Nobody's going "wow, yeah, that's a problem, let's work on getting the solution implemented."

Because, as has already been gloriously pointed out by Vulgar Euphemism, the problem is selfishness and the solution is responsible collective action for the long-term benefit of all. And there's nothing more abhorrent to the typical Bitcoiner.
posted by edheil at 7:03 AM on November 5, 2013 [7 favorites]


They are really exaggerating this. Its a possible exploit but bitcoin has already faced and been tweaked to handle much worse than this.

I'd trust a currency created by engineers over one created by bankers any day. Engineers have to make things work; bankers just need to make money.
posted by memebake at 7:06 AM on November 5, 2013 [2 favorites]


MuffinMan: the original bitcoin paper's pretty good. But basically... do you know what a hash is?

Mining is the process of taking a block of data and finding a hash for it that has certain properties. The "certain properties" is adjusted over time, based on the speed that blocks are being mined, to keep the mining speed roughly constant (1 block every 10 minutes or so).

So lets say our "certain properties" difficulty is "the hash must start with 5 ones". Mining a block then becomes solving this problem:

[a transaction that, by convention, gives 25 bitcoins to me][all the other transactions that have happened in the network since the last block][a nonce value] = [a hash that starts with 5 1's]

A miner just keeps plugging in random nonce values until they get a hash that starts with 5 1's. Then they publish block + hash to the network, and everyone starts work on the next hash.

If the blocks start coming a bit faster, the network changes the difficulty (find a hash that starts with 6 1's).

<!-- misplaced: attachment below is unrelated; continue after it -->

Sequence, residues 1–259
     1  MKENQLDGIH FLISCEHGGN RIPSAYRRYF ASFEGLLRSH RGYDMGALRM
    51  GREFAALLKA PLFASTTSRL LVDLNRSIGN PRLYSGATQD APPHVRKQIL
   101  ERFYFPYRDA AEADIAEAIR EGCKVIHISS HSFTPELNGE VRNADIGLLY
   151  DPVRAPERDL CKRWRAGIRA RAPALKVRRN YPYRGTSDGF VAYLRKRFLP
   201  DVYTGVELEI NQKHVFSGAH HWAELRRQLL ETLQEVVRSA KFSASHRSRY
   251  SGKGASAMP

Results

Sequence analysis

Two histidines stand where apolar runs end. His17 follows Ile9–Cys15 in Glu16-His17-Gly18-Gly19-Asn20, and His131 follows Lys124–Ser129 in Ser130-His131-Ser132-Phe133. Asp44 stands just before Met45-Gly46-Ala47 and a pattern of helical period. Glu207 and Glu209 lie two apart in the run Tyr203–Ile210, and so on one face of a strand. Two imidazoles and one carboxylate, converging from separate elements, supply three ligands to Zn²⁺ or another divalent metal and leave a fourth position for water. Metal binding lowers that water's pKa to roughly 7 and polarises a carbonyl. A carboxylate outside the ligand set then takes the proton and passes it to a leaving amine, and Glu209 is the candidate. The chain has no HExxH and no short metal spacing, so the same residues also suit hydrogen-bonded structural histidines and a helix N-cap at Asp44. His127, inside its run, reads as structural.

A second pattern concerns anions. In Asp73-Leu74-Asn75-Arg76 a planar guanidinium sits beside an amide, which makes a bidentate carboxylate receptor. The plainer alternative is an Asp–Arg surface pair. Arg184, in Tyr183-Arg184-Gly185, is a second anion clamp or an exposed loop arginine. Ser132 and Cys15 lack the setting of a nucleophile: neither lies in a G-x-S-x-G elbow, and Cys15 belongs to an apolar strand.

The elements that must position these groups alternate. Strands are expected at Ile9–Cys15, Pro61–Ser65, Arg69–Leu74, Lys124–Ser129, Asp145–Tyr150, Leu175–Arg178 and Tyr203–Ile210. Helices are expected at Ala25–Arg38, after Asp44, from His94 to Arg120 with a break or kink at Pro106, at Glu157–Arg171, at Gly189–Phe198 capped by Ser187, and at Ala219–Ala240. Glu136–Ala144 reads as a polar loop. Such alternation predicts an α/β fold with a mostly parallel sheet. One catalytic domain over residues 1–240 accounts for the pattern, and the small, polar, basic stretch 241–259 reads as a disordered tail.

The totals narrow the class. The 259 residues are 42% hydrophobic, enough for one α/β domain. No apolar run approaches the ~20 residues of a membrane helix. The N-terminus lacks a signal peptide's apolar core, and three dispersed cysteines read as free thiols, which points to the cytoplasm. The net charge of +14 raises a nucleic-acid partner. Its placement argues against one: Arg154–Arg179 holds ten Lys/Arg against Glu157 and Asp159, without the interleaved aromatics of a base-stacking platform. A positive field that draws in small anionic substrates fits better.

This is from memory, the paper doesn't quite match the network today, and I'm sure I got some details wrong, but that's about it. Mining cements transactions into the block chain, and by convention the first transaction gives some cash to the miner as a reward for the work done.
posted by Leon at 7:08 AM on November 5, 2013 [5 favorites]


Devonian: My simplistic understanding is that at the current difficulty level and value of bitcoin (ignoring the possibility of the adoption of this tactic), you can very much mine on your own, but it would take forever and be like a lottery instead of a cash flow. Bitcoin miners mine for 50 coin blocks of Bitcoin, which at ~$200 per bitcoin, means you're spending a lot of money for the chance at sporadically getting $10,000.

If you had an efficient bitcoin mining rig, you could make a profit over time and it would average out well enough, but who wants to earn sudden $10,000 bursts of money with timing based on luck?

A mining pool takes the problems solved by bitcoin miners, and splits them up so that everyone in the pool works together to solve the current block. When it is found, it is split proportionate to the hashes you uploaded. Thus, even if you don't find the winning solution, you get a steady stream of Bitcoins.

Further, mining pools offer more advantages. Individual miners need the near 11 GB blockchain file, which would mean that rigs based on microcomputers like a Raspberry Pi with a bunch of USB ASIC mining chips (a common configuration) would need some form of hard drive or large SD card. The mining pool just sends you the calculations needed for the current block. Some people have even proposed phone mining as an alternative to ad revenue from games and apps, which is ridiculous, as phone processors are not fast enough to generate much revenue and it would kill battery life, but it would be possible, storage-wise.
posted by mccarty.tim at 7:09 AM on November 5, 2013 [4 favorites]


So miners are geeks in this scenario - they aren't a plain old mechanical turk? How does the actual money enter the system in the first place?
posted by MuffinMan at 7:11 AM on November 5, 2013


Leon and McCarty, thanks for the explanations.
With regards to solutions "at the same time", surely true simultaneity is really unlikely, right? If the selfish miners sit on their solution until the moment someone else solves that block, then releases it, why wouldn't they just be considered late-comers? I'm having trouble seeing how the longest chain would factor in, based on an assumption that there would always be a timing difference, however minute.